Georgia Credit Union Affiliates consolidated with the League of Southeastern Credit Unions & Affiliates (LSCU) and Connelly worked at the new organization until early 2020 when an opportunity to join Georgia United arose.
In addition to building relationships with federal and local legislators Connelly has forged deep connections with banking and finance regulators and worked with the Georgia Department of Banking and Finance to develop the Credit Union Code Task Force.
And when Connelly joined Georgia United, she was afforded the latitude to keep assisting other Georgia credit unions as she – and they - had grown accustomed to.
She has been described as the face of Georgia credit unions.
“Many credit union executives keep Cindy on speed-dial to assist in interpreting issues, providing guidance, making connections and exerting her gentle influence on their behalf,” said Georgia United CFO Bob Bogart. “She has dedicated her entire career to advancing the credit union movement and being an advocate for credit unions of all sizes.”
Let’s rewind to 1998. The Internet was gaining steam, “Titanic” ruled the box office, Bill Clinton was in the Oval Office and Gingrich was coming close to the end of his influential four-year run as the 50th Speaker of the House.
In February 1998, the U.S. Supreme Court ruled that credit unions could only serve one occupation group – for example how Georgia United was established in 1958 to serve DeKalb County teachers – and advised credit unions to approach Congress to fix the Federal Credit Union Act of 1934.
H.R. 1151 was the fix.
Connelly had been nurturing a relationship with Gingrich for a while, so she tracked him down at an event in Norcross and told him, “We need your help.” She and her boss, Mike Mercer, the trade association’s president/CEO, met with Gingrich in his Georgia office and explained the legislative remedy needed to protect the future of credit unions. Gingrich asked insightful questions and called his staff who thought freshman legislator Steve LaTourette would be a good fit to introduce a bill.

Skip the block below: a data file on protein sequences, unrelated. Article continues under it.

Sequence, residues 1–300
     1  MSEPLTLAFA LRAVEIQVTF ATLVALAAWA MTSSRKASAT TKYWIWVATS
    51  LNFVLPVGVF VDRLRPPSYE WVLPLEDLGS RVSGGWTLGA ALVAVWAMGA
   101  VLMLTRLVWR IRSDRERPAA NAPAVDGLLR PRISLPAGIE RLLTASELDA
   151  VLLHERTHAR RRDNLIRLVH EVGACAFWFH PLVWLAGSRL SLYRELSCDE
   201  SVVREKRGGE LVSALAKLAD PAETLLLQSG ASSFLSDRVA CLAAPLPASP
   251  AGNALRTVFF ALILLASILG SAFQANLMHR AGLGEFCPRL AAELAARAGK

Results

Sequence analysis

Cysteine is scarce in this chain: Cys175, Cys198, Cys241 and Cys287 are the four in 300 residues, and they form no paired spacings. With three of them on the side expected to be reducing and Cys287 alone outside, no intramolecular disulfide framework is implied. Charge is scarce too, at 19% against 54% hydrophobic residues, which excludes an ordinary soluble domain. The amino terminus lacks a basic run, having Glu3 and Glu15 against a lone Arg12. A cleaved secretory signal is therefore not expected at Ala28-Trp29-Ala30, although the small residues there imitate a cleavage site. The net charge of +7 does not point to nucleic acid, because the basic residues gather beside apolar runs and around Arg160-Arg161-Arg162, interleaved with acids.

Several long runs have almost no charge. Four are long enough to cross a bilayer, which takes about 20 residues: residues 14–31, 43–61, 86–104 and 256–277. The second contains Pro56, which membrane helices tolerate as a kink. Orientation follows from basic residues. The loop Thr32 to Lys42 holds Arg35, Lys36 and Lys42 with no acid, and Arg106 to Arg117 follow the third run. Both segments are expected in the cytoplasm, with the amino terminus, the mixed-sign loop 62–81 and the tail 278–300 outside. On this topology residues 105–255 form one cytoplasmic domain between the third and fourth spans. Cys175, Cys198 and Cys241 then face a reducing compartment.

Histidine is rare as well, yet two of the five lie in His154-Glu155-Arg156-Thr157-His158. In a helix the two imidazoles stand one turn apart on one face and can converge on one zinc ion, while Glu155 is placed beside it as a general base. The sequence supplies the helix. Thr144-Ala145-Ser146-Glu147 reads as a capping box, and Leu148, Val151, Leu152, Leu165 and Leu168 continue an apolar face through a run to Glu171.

LaTourette, a Republican from Ohio and Paul Kanjorski, a Pennsylvania Democrat, introduced the Credit Union Membership Access Act of 1998, H.R. 1151, to Congress. Later in the legislative process Gingrich addressed the 1998 Credit Union National Association Government Affairs Conference crowd and announced his co-sponsorship of H.R. 1151, and within six months the bill passed both the House and Senate and made its way to the president’s desk. Clinton signed H.R. 1151 on August 7, 1998.
Many observers view H.R. 1151 as a bill that singlehandedly saved the credit union industry.
America’s Credit Union Museum shared this testimonial from Gingrich regarding Connelly’s impact: “She was a remarkably energetic and effective advocate for credit unions and helped shape significant legislation that protected the credit union movement from efforts by banks and other institutions to weaken or eliminate the credit union opportunity for members. I admire her greatly.”
ACROSS THE AISLE
Considering today’s highly partisan political climate, how many people can lay claim to being “dear friends” with both Gingrich and the late John Lewis, a civil rights activist and Democrat who represented Georgia’s Fifth Congressional District from 1987 to 2000?
But Connelly deftly maneuvers across political spectrums.
What’s her secret?
“I think the one thing that has always been important in my life is I advocate for credit unions to all political parties,” said Connelly. “I don’t let my personal politics interfere with my credit union politics.”
Former U.S. Congressman Rob Woodall, a Republican who represented Georgia’s 7th congressional district for 10 years, didn’t know anything about credit union issues until meeting Connelly. “When I first met Cindy Connelly, I thought I was meeting a lobbyist,” said Woodall. “I was wrong. I was meeting a true believer, I was meeting a driver of change, and - though I wouldn’t know it until years later - I was meeting a friend.”